Asian spot liquefied natural gas prices edged
higher as scattered demand from Japanese buyers and others helped stem the recent decline in prices, traders said on Friday.
The price of spot LNG for April delivery inched up to $6.75 per million British thermal units (mmBtu) on Friday from $7.65 the previous week, while Europe's benchmark UK gas hub prices slipped to trade at a discount.
"We've seen some end-user demand in Japan," a trader said.
A ship broker also said there had been interest from Japanese buyers on a few cargoes coming up in Australia, along with "a little bit more interest" from China.
Top importer Japan took delivery of record volumes of LNG in January, while demand from other major importers Korea and China has disappointed.
Ample stocks and a mild winter, along with slowing economic growth, have dampened demand in parts of Asia.
"With the price development there's really not been any huge rush to secure your needs, people have been quiet comfortable," a trader said.
Earlier this week Asian spot LNG prices re-established a premium over rival European benchmarks, reversing a month-long trend, but modest price differences meant the recent pick up in shipments to Europe could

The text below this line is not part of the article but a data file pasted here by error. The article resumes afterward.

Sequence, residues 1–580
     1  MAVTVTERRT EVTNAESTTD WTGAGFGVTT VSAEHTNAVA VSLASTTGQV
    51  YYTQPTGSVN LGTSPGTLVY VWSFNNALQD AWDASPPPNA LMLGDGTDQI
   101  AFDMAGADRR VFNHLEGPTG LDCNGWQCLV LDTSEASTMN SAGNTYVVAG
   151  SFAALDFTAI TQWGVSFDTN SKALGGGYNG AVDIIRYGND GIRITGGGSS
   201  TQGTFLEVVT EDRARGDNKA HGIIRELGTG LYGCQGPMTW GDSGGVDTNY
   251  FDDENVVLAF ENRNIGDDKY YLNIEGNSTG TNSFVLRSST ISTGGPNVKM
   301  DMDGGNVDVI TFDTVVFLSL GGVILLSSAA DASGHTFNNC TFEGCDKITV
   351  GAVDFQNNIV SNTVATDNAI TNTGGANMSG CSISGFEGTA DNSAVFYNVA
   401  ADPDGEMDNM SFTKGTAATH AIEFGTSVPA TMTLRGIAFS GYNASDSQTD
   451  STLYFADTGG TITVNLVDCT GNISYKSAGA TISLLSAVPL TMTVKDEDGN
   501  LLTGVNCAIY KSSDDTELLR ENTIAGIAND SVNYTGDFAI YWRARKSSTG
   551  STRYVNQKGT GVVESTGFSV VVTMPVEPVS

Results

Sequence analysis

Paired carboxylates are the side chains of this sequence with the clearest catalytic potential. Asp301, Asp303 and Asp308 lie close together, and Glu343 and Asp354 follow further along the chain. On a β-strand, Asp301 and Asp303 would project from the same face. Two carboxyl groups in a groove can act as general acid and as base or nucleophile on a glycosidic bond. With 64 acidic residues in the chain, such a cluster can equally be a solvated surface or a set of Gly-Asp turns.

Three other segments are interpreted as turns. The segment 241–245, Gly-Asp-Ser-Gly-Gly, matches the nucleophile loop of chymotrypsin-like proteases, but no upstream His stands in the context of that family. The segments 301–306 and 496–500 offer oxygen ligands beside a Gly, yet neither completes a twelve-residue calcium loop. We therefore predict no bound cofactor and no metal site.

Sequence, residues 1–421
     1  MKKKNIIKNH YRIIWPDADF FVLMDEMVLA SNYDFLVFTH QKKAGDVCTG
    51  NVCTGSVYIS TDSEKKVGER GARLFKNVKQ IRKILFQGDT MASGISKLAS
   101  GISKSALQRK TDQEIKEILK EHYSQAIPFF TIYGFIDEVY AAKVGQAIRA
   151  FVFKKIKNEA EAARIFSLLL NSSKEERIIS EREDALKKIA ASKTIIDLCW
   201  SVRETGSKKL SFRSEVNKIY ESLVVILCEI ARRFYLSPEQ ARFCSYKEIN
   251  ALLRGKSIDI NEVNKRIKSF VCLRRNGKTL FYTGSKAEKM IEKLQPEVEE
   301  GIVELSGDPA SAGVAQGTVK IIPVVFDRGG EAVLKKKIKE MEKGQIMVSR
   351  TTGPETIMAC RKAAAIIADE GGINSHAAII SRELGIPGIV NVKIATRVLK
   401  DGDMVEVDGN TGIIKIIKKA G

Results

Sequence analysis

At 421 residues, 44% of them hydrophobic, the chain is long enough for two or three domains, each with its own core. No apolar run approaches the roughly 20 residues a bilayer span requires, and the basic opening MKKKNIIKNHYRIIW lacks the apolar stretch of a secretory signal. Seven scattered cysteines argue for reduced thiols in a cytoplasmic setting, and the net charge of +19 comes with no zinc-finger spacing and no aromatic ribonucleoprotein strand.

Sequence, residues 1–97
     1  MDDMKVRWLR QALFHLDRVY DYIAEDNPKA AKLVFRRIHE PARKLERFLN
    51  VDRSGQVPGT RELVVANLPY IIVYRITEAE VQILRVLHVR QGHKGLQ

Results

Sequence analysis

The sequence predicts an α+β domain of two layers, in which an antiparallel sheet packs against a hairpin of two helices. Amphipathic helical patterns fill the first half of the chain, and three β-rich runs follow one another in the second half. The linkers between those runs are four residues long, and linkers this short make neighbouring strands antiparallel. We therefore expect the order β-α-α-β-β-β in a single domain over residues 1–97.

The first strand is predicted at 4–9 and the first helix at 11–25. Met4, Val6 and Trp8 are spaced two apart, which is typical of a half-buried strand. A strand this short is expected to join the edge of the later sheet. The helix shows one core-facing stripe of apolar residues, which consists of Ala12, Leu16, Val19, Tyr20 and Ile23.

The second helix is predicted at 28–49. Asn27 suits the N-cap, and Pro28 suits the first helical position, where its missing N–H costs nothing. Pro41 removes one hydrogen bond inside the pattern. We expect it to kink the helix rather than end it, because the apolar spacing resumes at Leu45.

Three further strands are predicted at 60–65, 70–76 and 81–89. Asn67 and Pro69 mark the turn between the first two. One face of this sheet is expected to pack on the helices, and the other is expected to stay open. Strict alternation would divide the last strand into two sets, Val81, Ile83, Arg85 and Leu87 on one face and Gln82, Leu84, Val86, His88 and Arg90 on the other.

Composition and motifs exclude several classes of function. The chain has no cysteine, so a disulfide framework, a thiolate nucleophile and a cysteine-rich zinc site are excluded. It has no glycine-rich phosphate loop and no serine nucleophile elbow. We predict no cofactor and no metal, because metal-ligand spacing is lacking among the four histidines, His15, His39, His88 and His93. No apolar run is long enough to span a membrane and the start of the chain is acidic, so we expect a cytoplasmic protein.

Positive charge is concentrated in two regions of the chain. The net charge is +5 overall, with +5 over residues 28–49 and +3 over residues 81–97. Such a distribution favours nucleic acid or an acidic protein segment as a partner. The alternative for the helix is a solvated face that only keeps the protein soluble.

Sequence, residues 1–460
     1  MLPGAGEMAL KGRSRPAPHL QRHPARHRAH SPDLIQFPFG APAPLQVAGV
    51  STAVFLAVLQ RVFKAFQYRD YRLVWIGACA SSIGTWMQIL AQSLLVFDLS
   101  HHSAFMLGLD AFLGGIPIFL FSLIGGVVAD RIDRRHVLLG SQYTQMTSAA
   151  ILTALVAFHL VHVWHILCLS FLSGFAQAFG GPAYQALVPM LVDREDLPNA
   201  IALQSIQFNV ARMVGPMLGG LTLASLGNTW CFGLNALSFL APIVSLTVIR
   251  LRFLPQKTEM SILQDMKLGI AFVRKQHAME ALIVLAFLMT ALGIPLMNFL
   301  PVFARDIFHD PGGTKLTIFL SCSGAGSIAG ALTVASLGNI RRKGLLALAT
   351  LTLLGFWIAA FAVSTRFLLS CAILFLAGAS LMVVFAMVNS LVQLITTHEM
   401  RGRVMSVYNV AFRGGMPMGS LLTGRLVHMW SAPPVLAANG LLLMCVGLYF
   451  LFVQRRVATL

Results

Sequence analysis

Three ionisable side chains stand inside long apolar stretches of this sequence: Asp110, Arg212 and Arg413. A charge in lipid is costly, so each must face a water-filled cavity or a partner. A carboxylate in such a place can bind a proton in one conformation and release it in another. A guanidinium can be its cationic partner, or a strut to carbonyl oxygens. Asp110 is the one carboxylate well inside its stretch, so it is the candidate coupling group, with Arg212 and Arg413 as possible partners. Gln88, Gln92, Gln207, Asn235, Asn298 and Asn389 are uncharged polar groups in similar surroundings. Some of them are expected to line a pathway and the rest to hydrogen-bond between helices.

Traders said European prices have been supported by the risk premium associated with the tensions between Russia and Ukraine, along with the lower production cap at Dutch gas field Groningen, although prices have eased this week.
"Spring is coming so I guess it's normal to expect NBP (UK benchmark price) to come off a little bit," a trader said.
Goldman Sachs forecast Asian LNG prices dipping to $6.25 per mBtu in the third quarter of 2015, before rising to $7.00 per mBtu in 2016.
LNG trade is set to exceed $120 billion in 2015, overtaking iron ore to become the second most valuable physical commodity after oil, the bank said in a commodities note.
On the supply side, Abu Dhabi's ADGAS plans to shut down two of its liquefied natural gas (LNG) production plants from March 15 until April 19 for routine maintenance.
Qatargas has shut its Train 4 for planned maintenance and expects output to resume around March 25, raising the possibility of reduced deliveries from the world's biggest LNG exporter.
(By Sarah McFarlane; Editing by David Evans)